Publication of the draft bill of law implementing ATAD 2 into Luxembourg domestic law
The draft bill implementing EU Directive 2017/952 of 29 May 2017 amending EU Directive 2016/1164 laying down rules against tax avoidance practices that directly affect the functioning of the internal market (the “ATAD 2 Directive”) into Luxembourg domestic law (the “Draft ATAD 2 Law”) was submitted to the parliament on 8 August 2019.
Extension of the scope of the anti-hybrid mismatch rules
The Draft ATAD 2 Law aims at broadening the scope of the anti-hybrid mismatch provisions introduced into Luxembourg law earlier this year so as to also include hybrid mismatches with states outside of the EU and increase the situations targeted by the rules more generally (notably introducing rules regarding permanent establishments, hybrid transfers or imported mismatches).
In essence, in situations involving associated enterprises (or permanent establishments or a structured arrangement) where a hybrid mismatch results in a double deduction or deduction without inclusion, the effects of such a mismatch are neutralised either by refusing the deduction or by including the payment. Whilst the Draft ATAD 2 Law may still be subject to change as it goes through the Luxembourg legislative process, we would like to share with you our insights on certain selected aspects of the Draft ATAD 2 Law.
The new rules introduced by the ATAD 2 Directive aim at correcting hybrid mismatches between associated enterprises (or implemented in the context of a structured arrangement). Thus, the government has decided to introduce a new stand-alone definition of associated enterprise (point (17) of the first paragraph of the restated article 168ter of the Luxembourg income tax law (“ITL”)) applicable only to the anti-hybrid mismatch provisions to be introduced as a result of the ATAD 2 Directive, the criterion being the holding of 50% or more of the voting rights, the capital interests or the rights to a share of the profits (except for hybrid financial instruments, where the relevant threshold is lowered to 25%).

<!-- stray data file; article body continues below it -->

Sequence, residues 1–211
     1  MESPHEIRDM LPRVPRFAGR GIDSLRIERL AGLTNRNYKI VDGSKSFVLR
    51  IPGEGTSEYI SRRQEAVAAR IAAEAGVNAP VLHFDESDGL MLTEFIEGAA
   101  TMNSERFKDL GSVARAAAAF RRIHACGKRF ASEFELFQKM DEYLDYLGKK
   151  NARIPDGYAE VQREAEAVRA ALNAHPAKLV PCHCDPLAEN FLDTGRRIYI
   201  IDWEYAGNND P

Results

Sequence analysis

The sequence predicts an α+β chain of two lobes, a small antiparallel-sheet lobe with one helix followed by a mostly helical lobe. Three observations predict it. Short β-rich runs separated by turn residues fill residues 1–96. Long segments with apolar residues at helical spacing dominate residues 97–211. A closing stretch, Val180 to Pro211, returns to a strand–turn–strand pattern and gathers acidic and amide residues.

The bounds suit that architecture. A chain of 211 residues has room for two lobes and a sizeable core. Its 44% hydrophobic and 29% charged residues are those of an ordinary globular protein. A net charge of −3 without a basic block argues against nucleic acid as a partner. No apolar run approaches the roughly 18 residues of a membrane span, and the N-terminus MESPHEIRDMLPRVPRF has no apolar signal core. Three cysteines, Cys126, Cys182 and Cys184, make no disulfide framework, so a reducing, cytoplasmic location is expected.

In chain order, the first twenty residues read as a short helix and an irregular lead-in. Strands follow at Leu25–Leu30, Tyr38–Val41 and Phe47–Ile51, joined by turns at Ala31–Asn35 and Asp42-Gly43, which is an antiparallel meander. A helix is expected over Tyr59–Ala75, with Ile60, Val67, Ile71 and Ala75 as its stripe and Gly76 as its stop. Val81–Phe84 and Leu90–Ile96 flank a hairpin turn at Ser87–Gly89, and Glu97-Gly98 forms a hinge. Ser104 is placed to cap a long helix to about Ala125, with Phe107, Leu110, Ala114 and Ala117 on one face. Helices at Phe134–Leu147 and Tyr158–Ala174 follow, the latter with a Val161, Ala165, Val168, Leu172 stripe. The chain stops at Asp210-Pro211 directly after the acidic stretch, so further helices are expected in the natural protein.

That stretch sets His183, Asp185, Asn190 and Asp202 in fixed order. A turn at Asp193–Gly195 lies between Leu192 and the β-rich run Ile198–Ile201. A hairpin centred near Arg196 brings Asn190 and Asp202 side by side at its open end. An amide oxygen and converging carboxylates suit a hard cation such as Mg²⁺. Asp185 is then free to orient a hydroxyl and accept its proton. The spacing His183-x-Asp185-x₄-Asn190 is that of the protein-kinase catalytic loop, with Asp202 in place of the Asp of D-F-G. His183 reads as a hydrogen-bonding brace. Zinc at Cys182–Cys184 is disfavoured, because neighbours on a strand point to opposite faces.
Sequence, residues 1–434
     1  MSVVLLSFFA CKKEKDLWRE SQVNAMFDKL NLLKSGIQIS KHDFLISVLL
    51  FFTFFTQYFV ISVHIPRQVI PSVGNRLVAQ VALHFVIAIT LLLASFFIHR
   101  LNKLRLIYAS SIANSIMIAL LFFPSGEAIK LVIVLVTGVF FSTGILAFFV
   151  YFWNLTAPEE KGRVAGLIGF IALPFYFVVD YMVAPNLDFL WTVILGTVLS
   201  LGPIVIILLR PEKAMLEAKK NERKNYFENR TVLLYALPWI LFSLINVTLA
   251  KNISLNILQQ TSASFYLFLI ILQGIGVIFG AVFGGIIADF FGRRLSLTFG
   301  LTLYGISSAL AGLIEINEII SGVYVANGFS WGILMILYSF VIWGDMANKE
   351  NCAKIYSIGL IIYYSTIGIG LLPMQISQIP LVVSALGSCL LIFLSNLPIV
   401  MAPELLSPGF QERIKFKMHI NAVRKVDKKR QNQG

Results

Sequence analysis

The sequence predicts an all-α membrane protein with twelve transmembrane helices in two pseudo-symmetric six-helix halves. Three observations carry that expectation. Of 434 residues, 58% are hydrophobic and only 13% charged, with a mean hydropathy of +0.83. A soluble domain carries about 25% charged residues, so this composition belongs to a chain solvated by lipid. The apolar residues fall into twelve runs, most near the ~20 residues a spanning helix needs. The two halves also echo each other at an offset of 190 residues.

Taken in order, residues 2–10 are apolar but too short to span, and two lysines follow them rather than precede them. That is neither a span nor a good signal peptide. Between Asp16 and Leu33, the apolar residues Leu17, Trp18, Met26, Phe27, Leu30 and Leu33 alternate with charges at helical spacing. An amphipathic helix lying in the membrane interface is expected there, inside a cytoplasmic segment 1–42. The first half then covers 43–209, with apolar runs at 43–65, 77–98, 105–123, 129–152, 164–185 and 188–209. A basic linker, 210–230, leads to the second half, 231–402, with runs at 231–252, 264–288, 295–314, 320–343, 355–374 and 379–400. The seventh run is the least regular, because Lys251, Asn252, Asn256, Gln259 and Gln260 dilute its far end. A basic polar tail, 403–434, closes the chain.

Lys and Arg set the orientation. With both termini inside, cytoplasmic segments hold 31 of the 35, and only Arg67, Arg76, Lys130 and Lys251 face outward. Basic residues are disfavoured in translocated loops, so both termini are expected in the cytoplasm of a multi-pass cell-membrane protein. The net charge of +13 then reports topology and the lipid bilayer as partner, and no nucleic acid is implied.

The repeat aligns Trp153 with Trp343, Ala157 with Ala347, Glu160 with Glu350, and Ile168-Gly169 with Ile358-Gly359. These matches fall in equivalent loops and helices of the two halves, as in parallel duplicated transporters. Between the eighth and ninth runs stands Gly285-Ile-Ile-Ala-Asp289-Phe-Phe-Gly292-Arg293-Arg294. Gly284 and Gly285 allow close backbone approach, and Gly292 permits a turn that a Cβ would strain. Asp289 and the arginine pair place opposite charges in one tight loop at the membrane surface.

Where different persons or entities are considered as “acting together”, their participation in the voting rights, capital interests or profits are aggregated for the purpose of determining whether they can be considered as associated with the entity under review. This is to ensure that full effect is given to the anti-hybrid mismatch provisions in a situation where the effective control of a vehicle is split between different persons. In this context, it was debated whether the fact that the general partner of a fund was acting on behalf of all the limited partners in such fund could trigger the “acting together” rule. The point was of particular importance to Luxembourg due to the size of its fund industry. Given that in an investment fund context, the different investors generally do not have any effective control over the investments of the fund, it is suggested that investors in a fund which hold less than 10% (directly or indirectly) of the capital interests in a fund and are entitled to less than 10% of the profits are presumed not to be acting together with other investors in the fund, unless proven otherwise. As a result of such de minimis rule, payments to a tax transparent fund (e.g., in the form of an SCSp) should only become non-deductible in Luxembourg, if the limited partners in the fund located in jurisdictions which consider the fund as opaque hold (i) at least 10% of the interests in the fund each (or are each entitled to at least 10% of its profits) and (ii) together more than 50% of the voting rights, capital interests or profits.